The V in HVAC, or ventilation, is the process of replacing or exchanging air within a space. By doing so, ventilation provides an improvement in indoor air quality. Proper ventilation involves the removal of moisture, smoke, odor, heat, dust, airborne bacteria, carbon dioxide, and other gases, as well as temperature control and oxygen replacement.
Your home’s ventilation system may include any mechanisms that help to process and move air throughout your home and HVAC system. This typically includes:
- Ductwork, which houses the air that is conditioned by the AC or heated by the furnace.
- Floor, wall, and ceiling vents, which are located at various exit points of your ducts throughout the home to distribute air.
- Ventilation shafts, including chimney flues or PVC ventilation for indoor HVAC equipment, help vent excess heat from a system’s furnace.
Some homes may have ductless HVAC systems. There will still be an indoor and outdoor unit (for heating and cooling), but these are usually installed for a smaller, individual room or section of a home, such as a finished basement or attic.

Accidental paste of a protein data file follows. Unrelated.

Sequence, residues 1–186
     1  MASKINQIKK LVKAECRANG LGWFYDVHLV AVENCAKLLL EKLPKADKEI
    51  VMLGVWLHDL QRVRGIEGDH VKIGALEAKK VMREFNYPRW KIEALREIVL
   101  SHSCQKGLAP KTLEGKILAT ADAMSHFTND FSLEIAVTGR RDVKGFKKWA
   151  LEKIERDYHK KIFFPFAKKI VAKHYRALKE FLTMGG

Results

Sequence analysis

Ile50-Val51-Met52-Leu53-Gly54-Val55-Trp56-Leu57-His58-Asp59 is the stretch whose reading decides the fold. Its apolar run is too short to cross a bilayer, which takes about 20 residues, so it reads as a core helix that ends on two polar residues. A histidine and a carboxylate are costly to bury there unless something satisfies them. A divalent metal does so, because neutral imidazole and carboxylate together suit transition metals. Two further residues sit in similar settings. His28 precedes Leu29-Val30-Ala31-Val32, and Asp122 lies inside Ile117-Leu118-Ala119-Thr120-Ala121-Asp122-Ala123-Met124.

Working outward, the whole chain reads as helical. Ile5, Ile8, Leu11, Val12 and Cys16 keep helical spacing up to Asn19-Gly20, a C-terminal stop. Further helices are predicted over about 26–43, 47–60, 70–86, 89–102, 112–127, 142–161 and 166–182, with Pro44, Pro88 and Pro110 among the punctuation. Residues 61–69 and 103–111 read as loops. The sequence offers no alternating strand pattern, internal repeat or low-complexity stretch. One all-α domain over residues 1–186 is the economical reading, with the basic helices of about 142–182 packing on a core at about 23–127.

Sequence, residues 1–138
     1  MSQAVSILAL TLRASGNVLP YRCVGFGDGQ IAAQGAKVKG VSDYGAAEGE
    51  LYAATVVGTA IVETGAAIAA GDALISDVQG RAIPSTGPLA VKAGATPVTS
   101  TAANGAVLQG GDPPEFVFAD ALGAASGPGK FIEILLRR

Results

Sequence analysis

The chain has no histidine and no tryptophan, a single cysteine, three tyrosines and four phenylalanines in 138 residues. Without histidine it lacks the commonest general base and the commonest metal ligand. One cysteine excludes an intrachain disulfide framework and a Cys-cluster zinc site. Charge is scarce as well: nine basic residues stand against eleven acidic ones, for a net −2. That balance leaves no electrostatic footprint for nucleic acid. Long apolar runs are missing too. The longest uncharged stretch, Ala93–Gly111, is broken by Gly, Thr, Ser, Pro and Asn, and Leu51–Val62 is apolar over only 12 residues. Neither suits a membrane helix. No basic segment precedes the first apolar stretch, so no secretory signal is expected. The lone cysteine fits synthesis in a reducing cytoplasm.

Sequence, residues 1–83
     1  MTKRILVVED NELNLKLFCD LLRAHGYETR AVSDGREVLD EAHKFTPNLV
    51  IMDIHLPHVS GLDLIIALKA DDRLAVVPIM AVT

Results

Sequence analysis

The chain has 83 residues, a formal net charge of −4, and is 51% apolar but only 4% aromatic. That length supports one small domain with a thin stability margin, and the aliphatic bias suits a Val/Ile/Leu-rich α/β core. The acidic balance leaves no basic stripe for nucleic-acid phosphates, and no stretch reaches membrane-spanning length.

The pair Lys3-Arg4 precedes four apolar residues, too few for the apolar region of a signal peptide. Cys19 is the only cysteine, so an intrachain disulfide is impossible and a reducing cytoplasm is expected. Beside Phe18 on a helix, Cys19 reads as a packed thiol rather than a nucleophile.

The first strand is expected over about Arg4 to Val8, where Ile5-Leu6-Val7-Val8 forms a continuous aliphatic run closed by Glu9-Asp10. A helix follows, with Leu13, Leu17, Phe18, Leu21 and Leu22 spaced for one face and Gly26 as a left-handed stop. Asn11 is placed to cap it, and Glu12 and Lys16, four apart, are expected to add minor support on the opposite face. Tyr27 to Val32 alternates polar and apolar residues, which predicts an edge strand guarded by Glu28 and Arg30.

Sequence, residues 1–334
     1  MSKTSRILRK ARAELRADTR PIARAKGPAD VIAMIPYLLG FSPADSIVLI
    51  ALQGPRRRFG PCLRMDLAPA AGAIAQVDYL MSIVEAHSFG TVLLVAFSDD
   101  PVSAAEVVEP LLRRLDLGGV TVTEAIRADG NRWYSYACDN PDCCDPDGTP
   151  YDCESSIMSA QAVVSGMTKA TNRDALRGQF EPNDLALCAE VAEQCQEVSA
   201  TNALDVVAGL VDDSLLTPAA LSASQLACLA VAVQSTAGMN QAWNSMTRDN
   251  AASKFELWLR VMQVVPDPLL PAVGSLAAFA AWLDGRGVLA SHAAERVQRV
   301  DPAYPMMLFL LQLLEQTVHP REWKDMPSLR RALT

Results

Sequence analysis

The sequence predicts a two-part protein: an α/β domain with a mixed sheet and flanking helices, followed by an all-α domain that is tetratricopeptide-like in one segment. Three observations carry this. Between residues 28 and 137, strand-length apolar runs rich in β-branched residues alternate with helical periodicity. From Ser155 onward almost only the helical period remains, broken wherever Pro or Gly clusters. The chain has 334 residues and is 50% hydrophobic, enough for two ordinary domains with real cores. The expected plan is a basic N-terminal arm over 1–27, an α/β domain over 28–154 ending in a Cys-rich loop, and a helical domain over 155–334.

Utilizing a home’s natural ventilation falls into this component as well. The ability to create a decent cross-flow from windows and doors can be an important factor in keeping your home comfortable.
Air conditioning is often used interchangeably for any type of home heating or cooling device. But really, the main objective of the air conditioning component is to remove the existing heat from inside the house.
A home will typically have an air conditioning unit installed, while larger properties or establishments might have several of these units in operation. Heat pumps also work similarly to air conditioners, but these can also heat a home (rather than just be limited to a cooling function).
In practice, heat pumps are traditionally paired with electric furnaces, which supplement a heat pump’s ability to provide efficient heat. Meanwhile, air conditioners work in tandem with gas furnaces.
While there are many different types of HVAC systems, they all start with the same basic elements.
How Does an HVAC System Work?
The three main functions of an HVAC system are interrelated, in particular, providing acceptable indoor air quality and thermal comfort. Your heating and air conditioning system is often one of the most complex and extensive systems in your home, but when it stops working, you’ll find out soon enough.